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Uncertainty Aversion and Backward Induction

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  • Jorn Rothe

    (London School of Economics)

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    Abstract

    In the context of the centipede game this paper discusses a solution concept for extensive games that is based on subgame perfection and uncertainty aversion. Players who deviate from the equilibrium path are considered non- rational. Rational players who face non-rational opponents face genuine uncertainty and may have non-additive beliefs about their future play. Rational players are boundedly uncertainty averse and maximise Choquet expected utility. It is shown that if the centipede game is sufficiently long, then the equilibrium strategy is to play `Across' early in the game and to play `Down' late in the game.

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    File URL: http://fmwww.bc.edu/RePEc/es2000/1610.pdf
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    Bibliographic Info

    Paper provided by Econometric Society in its series Econometric Society World Congress 2000 Contributed Papers with number 1610.

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    Date of creation: 01 Aug 2000
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    Handle: RePEc:ecm:wc2000:1610

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    1. Aumann, Robert J., 1995. "Backward induction and common knowledge of rationality," Games and Economic Behavior, Elsevier, vol. 8(1), pages 6-19.
    2. Kin Chung Lo, 1995. "Extensive Form Games with Uncertainty Averse Players," Working Papers ecpap-95-03, University of Toronto, Department of Economics.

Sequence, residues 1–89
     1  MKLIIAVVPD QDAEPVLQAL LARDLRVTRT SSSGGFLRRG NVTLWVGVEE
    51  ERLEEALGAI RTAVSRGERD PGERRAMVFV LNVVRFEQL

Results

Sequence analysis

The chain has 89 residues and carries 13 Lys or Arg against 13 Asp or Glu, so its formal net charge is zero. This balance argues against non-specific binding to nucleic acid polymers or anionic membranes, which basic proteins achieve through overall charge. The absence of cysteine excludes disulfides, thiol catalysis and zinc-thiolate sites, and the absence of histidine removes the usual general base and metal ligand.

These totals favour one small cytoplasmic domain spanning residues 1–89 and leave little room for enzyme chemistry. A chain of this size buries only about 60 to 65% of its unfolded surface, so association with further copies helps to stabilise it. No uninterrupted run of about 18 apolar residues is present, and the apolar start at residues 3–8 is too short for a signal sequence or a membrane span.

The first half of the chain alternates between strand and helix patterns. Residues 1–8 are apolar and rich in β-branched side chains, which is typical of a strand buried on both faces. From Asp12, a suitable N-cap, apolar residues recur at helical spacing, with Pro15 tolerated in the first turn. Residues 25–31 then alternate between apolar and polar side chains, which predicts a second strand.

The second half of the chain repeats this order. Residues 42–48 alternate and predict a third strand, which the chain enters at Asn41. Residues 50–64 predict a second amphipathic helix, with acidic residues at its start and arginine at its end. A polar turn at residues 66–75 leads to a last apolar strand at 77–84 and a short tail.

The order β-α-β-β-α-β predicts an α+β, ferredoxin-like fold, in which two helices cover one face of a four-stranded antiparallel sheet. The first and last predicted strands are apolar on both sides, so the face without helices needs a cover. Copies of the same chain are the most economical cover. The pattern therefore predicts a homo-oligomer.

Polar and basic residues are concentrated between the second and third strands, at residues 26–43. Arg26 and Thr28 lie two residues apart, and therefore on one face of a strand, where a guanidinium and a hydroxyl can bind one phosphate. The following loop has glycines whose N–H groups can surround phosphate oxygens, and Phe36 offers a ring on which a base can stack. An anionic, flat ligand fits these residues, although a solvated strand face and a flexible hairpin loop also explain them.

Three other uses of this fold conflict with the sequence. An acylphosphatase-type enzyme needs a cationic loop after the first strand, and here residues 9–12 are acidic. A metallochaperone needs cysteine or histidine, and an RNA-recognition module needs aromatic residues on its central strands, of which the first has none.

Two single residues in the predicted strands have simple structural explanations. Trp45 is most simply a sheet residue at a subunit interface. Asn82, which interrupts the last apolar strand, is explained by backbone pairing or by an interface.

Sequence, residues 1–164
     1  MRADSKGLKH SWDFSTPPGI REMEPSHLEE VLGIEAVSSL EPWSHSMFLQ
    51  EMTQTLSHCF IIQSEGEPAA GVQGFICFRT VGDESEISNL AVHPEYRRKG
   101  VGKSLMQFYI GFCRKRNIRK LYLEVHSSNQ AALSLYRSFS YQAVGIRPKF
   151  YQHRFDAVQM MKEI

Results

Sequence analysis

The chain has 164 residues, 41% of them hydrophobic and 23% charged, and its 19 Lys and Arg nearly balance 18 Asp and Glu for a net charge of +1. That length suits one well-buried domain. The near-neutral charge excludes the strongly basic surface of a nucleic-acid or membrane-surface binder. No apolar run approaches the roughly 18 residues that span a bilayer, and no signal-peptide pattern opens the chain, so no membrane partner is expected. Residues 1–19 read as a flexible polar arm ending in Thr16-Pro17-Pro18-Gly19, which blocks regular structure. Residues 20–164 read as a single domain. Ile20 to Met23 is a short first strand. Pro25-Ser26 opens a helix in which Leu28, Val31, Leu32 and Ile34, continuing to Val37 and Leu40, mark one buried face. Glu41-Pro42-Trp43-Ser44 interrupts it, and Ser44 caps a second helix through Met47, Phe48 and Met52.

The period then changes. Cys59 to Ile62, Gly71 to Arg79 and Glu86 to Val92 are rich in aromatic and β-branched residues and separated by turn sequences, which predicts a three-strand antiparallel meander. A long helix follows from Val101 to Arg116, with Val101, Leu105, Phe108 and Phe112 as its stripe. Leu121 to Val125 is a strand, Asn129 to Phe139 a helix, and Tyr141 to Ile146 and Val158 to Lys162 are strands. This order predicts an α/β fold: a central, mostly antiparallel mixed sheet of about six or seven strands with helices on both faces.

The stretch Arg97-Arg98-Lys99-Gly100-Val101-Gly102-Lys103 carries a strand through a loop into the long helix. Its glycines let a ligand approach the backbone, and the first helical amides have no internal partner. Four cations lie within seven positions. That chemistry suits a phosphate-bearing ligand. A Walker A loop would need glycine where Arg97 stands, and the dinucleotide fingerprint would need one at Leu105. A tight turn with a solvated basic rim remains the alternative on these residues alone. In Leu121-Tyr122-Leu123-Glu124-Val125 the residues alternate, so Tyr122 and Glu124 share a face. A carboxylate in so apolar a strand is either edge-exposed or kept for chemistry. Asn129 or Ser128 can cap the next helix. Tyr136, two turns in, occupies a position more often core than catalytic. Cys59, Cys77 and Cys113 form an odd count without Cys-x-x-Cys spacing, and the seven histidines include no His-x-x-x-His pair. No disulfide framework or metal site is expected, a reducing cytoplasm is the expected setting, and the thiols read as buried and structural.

3. Gilboa, Itzhak & Schmeidler, David, 1989. "Maxmin expected utility with non-unique prior," Journal of Mathematical Economics, Elsevier, vol. 18(2), pages 141-153, April.
    4. Reny Philip J., 1993. "Common Belief and the Theory of Games with Perfect Information," Journal of Economic Theory, Elsevier, vol. 59(2), pages 257-274, April.
    5. Itzhak Gilboa & David Schmeidler, 1991. "Updating Ambiguous Beliefs," Discussion Papers 924, Northwestern University, Center for Mathematical Studies in Economics and Management Science.
    6. Binmore, Ken, 1996. "A Note on Backward Induction," Games and Economic Behavior, Elsevier, vol. 17(1), pages 135-137, November.
    7. Paul Milgrom & John Roberts, 1980. "Predation, Reputation, and Entry Deterrence," Discussion Papers 427, Northwestern University, Center for Mathematical Studies in Economics and Management Science.
    8. Rosenthal, Robert W., 1981. "Games of perfect information, predatory pricing and the chain-store paradox," Journal of Economic Theory, Elsevier, vol. 25(1), pages 92-100, August.
    9. David Kreps & Paul Milgrom & John Roberts & Bob Wilson, 2010. "Rational Cooperation in the Finitely Repeated Prisoners' Dilemma," Levine's Working Paper Archive 239, David K. Levine.
    10. Kaushik Basu, 2010. "Strategic Irrationality in Extensive Games," Levine's Working Paper Archive 375, David K. Levine.
    11. Aumann, Robert J., 1996. "Reply to Binmore," Games and Economic Behavior, Elsevier, vol. 17(1), pages 138-146, November.
    12. Sarin, Rakesh & Wakker, Peter, 1994. "A General Result for Quantifying Beliefs," Econometrica, Econometric Society, vol. 62(3), pages 683-85, May.
    13. McKelvey, Richard D & Palfrey, Thomas R, 1992. "An Experimental Study of the Centipede Game," Econometrica, Econometric Society, vol. 60(4), pages 803-36, July.
    14. Dow, James & Werlang, Sérgio Ribeiro da Costa, 1992. "Nash equilibrium under knightian uncertainty: breaking-down backward induction," Economics Working Papers (Ensaios Economicos da EPGE) 186, FGV/EPGE Escola Brasileira de Economia e Finanças, Getulio Vargas Foundation (Brazil).
    15. Kreps, David M. & Wilson, Robert, 1982. "Reputation and imperfect information," Journal of Economic Theory, Elsevier, vol. 27(2), pages 253-279, August.
    16. Mukerji, S., 1995. "A theory of play for games in strategic form when rationality is not common knowledge," Discussion Paper Series In Economics And Econometrics 9519, Economics Division, School of Social Sciences, University of Southampton.
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